First of All, we did not listen to Britain all throughout Canadian history. We could make laws ourselves, they just needed to be approved by the Queen (Representative). However, we did have to follow their laws. These Foreign powers, as I have said, try to look out for the world, not just their countries. America is not the only country that matters, I would know this first hand.

It has happened in Canadian history where something that was said by the government, has been changed from a higher power, and for the good. For example, in 1929 their was a famous Canadian case called The Persons Case. I'm sure you have never heard of it. What happened was that the Supreme Court of Canada decided after that women were not considered persons. So, the Famous Five, the five women who went to the Supreme court, got a another idea. They simply went to the British court, and the British court decided that women were considered persons, so by default, women were considered people in Canada. See, sometimes the higher powers have a better understand of whats going on. 
Title: Re: Thoughts on current administration (of the country(s))
Post by: SmartyPants on April 08, 2011, 07:10:17 PM
So Canada doesn't have the competence to make the right decision for themselves, so they have the British do it for them?

American history is a little different.  The British made decisions that benefited themselves despite the harm it caused to the American people.  Instead of blindly following the foreign leaders' decisions like their northern neighbor, America decided that representatives of Americans would make better decisions for Americans then the foreign leaders.

I still think think representatives of Americans (Congress) would make better decsions about where to send American forces, then the foreign countries who can't do anything militarily without us.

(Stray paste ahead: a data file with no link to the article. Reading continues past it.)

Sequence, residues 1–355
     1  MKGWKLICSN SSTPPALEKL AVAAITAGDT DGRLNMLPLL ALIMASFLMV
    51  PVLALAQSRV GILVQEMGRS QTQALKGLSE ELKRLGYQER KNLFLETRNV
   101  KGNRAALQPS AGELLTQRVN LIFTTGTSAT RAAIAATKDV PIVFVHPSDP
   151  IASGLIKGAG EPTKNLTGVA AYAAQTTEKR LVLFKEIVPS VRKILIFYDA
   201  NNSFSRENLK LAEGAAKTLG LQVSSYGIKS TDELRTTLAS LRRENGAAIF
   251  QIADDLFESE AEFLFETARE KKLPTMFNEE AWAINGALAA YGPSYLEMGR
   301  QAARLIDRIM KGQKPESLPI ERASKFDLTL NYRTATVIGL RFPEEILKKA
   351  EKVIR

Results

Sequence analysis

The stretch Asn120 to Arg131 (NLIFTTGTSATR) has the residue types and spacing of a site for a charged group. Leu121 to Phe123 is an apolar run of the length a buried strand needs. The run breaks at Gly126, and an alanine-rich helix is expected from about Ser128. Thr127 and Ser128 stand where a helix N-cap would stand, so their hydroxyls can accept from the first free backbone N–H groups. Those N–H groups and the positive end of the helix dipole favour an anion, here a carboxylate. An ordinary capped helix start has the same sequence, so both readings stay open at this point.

Title: Re: Thoughts on current administration (of the country(s))
Post by: Zackirus on April 08, 2011, 07:39:02 PM
Canada does have the competence to make the right decisions, we abolished slavery and started the equal-rights movement, without British accord, much sooner than other countries.

Unlike our southern neighbours, we had much more land and farming available to everyone, because we were nice to our Aboriginals, they didn't bother us as much, as we sent them to live on reverses. Now, if we would shunned away our British influence, not as many Europeans would come to Canada. So, The price of the British government was a fair trade (as we did get Fair Trade!).  

I still think think representatives of Americans (Congress) would make better decsions about where to send American forces, then the foreign countries who can't do anything militarily without us.

That is what I am talking about. American's can be too arrogant and you guys think you are the most important thing ever. Things can get done without you guys you know.  

Title: Re: Thoughts on current administration (of the country(s))
Post by: SmartyPants on April 09, 2011, 09:35:06 AM
I still think think representatives of Americans (Congress) would make better decsions about where to send American forces, then the foreign countries who can't do anything militarily without us.
That is what I am talking about. American's can be too arrogant and you guys think you are the most important thing ever. Things can get done without you guys you know.
It isn't arrogance; it is fact.  For example, France and Britain were unwilling to strike in Libya untill they were able to use America's unrivaled Naval power to destroy Libya's anti-air power.